When Martin Kollar was invited, along with various award-winning photographers, to spend several months in Israel to capture "one of the most contentious geographical zones of modern history", the 41-year-old found the country reminded him of growing up in Zilina, Czechoslovakia (now the Slovak Republic).
"It was a time when the world was divided; there was the Iron Curtain; there was good and bad," he says. "And we were separated from the other side. Until the collapse of Communism, I couldn't travel and you often felt a bit trapped. Israel felt similar."
Kollar was stopped by the Israeli police a number of times and was often treated with great suspicion – a feeling of being under surveillance that he incorporates into his work. He was also fascinated by where the military land began and the civilian land ended. "The borders are very blurred. I didn't want to photograph conflict places where something had already happened, but the feeling that something eventually will."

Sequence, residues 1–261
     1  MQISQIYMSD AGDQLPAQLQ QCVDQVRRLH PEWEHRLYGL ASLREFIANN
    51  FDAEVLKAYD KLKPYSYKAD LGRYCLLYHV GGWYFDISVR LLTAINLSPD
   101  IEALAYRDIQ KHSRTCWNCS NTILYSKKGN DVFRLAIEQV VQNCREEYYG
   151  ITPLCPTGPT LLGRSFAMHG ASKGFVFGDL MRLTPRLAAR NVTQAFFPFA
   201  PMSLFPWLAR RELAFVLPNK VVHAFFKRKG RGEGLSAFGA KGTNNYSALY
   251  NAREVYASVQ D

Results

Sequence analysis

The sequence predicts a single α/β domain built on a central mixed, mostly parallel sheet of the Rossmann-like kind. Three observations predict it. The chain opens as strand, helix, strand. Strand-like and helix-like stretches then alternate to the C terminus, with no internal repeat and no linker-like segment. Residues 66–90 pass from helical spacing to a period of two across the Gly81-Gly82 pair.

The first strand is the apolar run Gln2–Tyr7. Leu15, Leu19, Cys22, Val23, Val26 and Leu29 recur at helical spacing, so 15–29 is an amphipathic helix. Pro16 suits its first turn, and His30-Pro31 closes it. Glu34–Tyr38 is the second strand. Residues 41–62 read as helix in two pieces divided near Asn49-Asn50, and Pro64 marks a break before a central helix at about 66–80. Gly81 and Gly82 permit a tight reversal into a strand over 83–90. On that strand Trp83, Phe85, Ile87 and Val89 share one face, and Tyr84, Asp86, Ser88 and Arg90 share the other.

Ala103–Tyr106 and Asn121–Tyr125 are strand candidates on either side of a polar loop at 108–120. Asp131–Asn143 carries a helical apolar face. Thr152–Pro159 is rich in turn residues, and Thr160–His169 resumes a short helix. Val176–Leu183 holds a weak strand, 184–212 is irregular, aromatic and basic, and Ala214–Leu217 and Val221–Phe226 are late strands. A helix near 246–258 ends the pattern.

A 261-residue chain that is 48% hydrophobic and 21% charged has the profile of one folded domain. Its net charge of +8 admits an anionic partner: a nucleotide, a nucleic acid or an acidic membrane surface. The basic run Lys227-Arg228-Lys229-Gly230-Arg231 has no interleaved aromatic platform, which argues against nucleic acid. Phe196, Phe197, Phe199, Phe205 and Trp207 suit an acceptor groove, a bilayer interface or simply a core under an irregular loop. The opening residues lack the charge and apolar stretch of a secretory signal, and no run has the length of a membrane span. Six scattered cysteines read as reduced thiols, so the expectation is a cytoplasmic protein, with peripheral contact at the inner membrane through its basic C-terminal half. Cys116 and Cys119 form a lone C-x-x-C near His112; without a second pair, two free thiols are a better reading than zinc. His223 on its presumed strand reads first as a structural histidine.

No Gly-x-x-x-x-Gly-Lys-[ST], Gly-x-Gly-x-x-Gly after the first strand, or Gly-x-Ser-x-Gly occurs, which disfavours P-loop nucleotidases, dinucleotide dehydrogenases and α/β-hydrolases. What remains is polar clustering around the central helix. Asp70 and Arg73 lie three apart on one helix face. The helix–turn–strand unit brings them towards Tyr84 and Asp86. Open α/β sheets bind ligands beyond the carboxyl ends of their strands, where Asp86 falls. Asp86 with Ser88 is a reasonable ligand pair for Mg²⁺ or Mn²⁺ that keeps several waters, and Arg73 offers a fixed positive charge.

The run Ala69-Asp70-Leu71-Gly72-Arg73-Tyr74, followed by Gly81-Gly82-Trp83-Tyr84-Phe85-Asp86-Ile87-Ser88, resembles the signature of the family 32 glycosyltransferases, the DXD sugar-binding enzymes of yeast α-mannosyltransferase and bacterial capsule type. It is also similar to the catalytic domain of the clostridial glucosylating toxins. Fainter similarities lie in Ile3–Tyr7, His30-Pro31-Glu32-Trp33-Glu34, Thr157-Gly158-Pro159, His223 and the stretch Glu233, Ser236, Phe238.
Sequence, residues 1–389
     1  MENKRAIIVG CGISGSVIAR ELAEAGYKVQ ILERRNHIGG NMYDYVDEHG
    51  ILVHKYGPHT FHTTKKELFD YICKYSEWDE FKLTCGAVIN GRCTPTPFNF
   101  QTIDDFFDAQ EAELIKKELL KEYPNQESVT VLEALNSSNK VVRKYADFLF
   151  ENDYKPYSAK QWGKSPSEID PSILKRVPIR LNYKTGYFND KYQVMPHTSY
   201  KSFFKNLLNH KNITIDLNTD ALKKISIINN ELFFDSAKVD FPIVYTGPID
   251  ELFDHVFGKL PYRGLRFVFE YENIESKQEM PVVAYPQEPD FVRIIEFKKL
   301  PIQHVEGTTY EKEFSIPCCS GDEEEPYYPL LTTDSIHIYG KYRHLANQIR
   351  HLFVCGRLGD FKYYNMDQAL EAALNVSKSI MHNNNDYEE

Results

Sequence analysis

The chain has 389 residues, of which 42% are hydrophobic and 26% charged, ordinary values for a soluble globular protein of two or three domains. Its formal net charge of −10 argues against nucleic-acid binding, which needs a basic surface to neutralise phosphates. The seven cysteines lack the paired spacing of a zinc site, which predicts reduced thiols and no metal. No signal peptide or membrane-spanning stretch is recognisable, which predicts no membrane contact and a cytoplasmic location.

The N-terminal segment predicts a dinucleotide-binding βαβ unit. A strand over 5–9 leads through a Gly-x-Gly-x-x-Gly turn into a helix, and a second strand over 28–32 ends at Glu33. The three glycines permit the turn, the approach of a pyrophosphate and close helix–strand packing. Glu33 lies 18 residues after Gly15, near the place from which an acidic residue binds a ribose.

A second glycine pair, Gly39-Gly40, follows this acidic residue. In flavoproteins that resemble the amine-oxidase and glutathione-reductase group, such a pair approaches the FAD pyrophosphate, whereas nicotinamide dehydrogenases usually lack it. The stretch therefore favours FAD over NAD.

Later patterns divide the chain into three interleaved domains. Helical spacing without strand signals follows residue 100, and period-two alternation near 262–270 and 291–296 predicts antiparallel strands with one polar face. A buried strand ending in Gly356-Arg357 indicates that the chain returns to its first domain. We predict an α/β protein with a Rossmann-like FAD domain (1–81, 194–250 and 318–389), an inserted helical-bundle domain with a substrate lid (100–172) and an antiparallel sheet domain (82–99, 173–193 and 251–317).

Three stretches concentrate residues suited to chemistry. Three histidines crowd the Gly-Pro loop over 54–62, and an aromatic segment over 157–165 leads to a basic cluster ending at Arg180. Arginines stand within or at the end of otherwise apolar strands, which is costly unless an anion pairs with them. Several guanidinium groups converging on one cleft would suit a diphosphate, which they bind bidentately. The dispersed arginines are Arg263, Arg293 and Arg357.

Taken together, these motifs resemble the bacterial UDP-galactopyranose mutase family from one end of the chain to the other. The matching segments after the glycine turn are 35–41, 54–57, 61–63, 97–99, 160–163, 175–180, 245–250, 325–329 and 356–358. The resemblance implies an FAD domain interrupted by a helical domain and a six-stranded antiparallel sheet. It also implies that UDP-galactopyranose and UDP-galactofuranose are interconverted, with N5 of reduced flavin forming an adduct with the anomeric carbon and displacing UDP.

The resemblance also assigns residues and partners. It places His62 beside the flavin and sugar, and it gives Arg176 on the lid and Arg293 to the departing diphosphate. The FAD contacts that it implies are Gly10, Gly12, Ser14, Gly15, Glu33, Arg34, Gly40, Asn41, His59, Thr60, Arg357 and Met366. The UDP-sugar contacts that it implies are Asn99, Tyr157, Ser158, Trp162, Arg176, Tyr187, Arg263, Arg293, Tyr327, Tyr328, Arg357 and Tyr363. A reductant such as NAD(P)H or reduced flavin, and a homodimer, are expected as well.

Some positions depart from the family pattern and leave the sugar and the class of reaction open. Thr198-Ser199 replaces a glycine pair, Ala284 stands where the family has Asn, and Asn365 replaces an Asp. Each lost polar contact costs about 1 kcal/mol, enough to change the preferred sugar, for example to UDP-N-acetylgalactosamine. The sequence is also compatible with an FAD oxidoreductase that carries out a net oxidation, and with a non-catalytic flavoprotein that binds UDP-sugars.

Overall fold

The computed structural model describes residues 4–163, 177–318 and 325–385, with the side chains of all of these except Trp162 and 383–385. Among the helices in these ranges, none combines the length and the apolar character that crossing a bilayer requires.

Rather than explaining explicitly what each photograph is about, Kollar prefers that people make up their own story. "Some of the places I had the impression that I was on a film set, and I tried to bring this to the images. You don't really know when the reality and the fiction somehow stops and starts."
Although Kollar had visited Israel prior to the extended periods of time he spent there between November 2009 and January 2011, he was far from an expert, so he explored the land as if he were on a field trip, and his inquisitiveness permeates the images. "Israel is one of the most photographed places in the world; I wanted to think about how I could look at it in a fresh way. I hope I've managed to do that."
'Field Trip' by Martin Kollar is published by Mack Books, priced £35
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